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Singapore Diversifies Food Supplies With Saudi Shrimps and Polish Eggs

A worker shovels ice onto a container of barramundi at the Kuhlbarra fish farm, off the coast of Singapore, on May 26. Photographer: Lauryn Ishak/Bloomberg


Nation has 23 countries approved for frozen pork, 13 for eggs | City state also has an air freight agreement with New Zealand

By De Wei Dexter Low for Bloomberg – Singapore faced a daunting challenge when the coronavirus pandemic started to ground planes and upend global supply chains earlier this year — how to feed 5.7 million people in a country smaller than New York City and one that produces less than a 10th of the food it consumes.

The city state now imports oranges from Egypt, milk powder from Uruguay, eggs from Poland and shrimps from Saudi Arabia as part of efforts to broaden food supplies, the Ministry of Trade and Industry and the Singapore Food Agency said in a joint written response to questions. The import list now extends to more than 170 countries or regions.

“Over the years, Singapore has been diversifying our food sources, including commonly consumed food items like eggs, chicken and vegetables,” according to the statement. To ensure greater food security, “we are seeking new source countries and deepening engagement with existing suppliers.”

As the spread of the virus disrupted meat processing plants in the Americas and Europe, infected farm workers and roiled air and sea transport globally, supermarkets in Singapore saw some initial panic buying and hoarding, though that faded as confidence increased that supplies would remain sufficient.

Panic Buying

Grocery store. People stock up on food supplies after Singapore
People stock up on food supplies after Singapore raised coronavirus outbreak alert to orange, at a supermarket in Singapore February 7, 2020. REUTERS/Edgar Su

Demand for daily essentials like instant noodles, canned food, rice and toilet paper surged as much as five times in early February when the country raised its disease response level, compared with the week before, according to Seah Kian Peng, chief executive officer of FairPrice Group, which operates Singapore’s ubiquitous supermarket chain. During that time, the group increased the volume of daily essentials being sent to the stores by three times and doubled delivery trips.

“We have never seen anything like this on such a scale, but our contingency planning for unexpected situations enabled us to take swift actions,” Seah said. He called the Covid-19 pandemic an “extraordinary circumstance” that has affected global supply and prices of certain items. Freight and production costs have gone up significantly and demand for food and grocery products outstrips supply, though Fairprice will work closely with its partners to keep prices stable for as long as it can, Seah said.

The food agency has required importers of key items to have plans in place in case of disruptions. Singapore had 13 approved countries for egg supplies as of last month, almost double the tally in 2016. Twenty three nations are approved to export frozen pork products to the country such as the U.S., Australia, Brazil, Spain and Poland, while eight are permitted to supply chilled pork.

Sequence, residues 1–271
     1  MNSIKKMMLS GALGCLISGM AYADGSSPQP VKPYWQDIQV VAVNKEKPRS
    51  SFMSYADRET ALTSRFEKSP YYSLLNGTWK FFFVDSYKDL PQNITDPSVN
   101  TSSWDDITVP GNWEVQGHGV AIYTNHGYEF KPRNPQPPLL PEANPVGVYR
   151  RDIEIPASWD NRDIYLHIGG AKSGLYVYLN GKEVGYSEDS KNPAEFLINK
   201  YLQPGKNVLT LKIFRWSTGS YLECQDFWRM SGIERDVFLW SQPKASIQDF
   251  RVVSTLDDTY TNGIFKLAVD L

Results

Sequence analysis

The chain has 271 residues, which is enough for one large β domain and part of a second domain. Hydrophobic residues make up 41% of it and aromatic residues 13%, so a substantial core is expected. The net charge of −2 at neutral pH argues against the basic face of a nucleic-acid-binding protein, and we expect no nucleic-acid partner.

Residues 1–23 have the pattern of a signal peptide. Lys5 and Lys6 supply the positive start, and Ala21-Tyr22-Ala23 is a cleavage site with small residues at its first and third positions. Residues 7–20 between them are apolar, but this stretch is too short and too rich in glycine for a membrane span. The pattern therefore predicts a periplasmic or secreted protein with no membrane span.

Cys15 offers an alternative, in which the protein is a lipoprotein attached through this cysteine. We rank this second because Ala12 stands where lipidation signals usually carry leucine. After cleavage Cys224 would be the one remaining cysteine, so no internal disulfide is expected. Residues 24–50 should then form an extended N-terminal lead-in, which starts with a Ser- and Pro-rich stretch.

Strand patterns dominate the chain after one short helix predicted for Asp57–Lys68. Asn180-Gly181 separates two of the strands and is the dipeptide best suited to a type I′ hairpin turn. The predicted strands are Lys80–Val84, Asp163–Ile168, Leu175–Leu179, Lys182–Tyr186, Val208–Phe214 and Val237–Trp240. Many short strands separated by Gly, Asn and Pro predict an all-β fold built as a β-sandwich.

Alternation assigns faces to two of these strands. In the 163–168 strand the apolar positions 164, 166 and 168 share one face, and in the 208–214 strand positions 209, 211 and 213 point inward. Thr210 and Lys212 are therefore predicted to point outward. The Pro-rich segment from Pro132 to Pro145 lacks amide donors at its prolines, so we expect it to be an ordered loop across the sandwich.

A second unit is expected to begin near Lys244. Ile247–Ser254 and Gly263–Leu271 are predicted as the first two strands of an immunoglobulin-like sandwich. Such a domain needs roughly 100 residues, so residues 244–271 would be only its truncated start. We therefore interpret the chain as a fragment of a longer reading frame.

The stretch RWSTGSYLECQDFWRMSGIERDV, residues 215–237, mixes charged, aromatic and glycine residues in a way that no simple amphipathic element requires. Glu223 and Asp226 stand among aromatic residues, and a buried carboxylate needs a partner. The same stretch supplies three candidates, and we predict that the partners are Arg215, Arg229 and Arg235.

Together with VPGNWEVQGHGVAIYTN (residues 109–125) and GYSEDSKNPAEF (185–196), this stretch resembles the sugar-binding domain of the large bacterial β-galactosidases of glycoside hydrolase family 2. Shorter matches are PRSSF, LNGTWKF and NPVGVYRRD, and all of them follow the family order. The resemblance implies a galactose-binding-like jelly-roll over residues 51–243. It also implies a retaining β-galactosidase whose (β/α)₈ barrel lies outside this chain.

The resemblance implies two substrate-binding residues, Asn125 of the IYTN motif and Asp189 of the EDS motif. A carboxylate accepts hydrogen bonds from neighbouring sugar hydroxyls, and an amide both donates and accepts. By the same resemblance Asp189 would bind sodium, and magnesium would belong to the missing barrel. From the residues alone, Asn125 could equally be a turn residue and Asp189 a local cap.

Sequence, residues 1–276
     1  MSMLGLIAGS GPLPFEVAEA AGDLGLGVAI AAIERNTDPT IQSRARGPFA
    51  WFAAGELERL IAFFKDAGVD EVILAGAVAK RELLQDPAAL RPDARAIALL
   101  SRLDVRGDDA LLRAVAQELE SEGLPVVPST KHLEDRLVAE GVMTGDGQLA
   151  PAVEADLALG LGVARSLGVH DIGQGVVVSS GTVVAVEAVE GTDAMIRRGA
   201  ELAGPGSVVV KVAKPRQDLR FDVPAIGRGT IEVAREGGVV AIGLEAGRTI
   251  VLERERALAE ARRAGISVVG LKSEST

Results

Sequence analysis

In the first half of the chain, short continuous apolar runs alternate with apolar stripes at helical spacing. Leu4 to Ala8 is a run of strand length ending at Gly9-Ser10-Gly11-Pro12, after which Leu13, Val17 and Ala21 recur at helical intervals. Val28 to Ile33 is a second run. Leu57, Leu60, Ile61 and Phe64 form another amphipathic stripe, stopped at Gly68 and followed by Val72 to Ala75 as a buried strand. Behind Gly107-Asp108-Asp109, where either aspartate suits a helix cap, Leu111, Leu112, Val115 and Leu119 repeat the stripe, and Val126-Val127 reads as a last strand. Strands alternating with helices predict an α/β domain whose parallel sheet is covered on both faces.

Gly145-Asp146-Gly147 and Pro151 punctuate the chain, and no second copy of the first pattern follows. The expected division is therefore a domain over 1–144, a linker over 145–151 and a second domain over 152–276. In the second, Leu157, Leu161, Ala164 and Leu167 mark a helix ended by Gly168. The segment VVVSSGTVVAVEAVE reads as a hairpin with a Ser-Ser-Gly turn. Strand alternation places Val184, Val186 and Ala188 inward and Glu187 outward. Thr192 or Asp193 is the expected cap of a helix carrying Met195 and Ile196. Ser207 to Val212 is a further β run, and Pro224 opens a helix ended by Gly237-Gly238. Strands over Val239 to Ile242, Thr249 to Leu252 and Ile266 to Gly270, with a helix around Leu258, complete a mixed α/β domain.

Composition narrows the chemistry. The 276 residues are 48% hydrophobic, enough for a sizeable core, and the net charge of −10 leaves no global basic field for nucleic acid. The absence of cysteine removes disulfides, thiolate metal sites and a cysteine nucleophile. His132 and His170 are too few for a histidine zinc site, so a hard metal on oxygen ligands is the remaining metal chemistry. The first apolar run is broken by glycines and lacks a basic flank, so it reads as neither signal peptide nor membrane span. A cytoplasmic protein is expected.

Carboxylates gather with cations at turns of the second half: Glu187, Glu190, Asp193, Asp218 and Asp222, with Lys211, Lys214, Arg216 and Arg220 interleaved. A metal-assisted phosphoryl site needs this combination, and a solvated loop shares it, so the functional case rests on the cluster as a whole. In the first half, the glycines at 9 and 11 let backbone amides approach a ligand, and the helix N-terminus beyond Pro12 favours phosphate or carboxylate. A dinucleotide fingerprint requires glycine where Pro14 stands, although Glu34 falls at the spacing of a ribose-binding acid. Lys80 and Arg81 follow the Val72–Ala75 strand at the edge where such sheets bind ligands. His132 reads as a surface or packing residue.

Among other moves, the Southeast Asian nation has a project with New Zealand to provide air freight capacity between the two countries for essential supplies such as food produce, and will continue to “work with like-minded partners to diversify and strengthen” food supply chains, the statement said.

FairPrice’s Seah said the group currently sources from more than 100 countries, and is constantly looking for more. During the pandemic, the firm expanded sources for eggs to include Spain, Ukraine and Poland. Besides stockpiling essential products, the chain has also inked agreements with local and overseas farms in countries including Malaysia, Indonesia, Thailand and Australia to forward buy produce at an agreed price, so as to stay insulated from sudden price changes due to shortages in the market.

Domestic Production

A worker attends to basil plants at a rooftop farm in Singapore
A worker attends to basil plants at a rooftop farm in Singapore, on May 27. Photographer: Lauryn Ishak/Bloomberg

Singapore is also ramping up domestic production, seeking to boost output of its nutritional needs to 30% by 2030, and offers funding to growers to rapidly raise production of eggs, leafy vegetables and fish within the next two years.

The “proactive” stance Singapore has taken to import food from as many countries as possible to secure its food supply is a sound strategy, according to Paul Teng, an adjunct senior fellow at the Centre for Non-Traditional Security Studies in the country’s Nanyang Technological University. Many countries are seeking to emulate Singapore’s approach, Teng said.

— With assistance by James Poole

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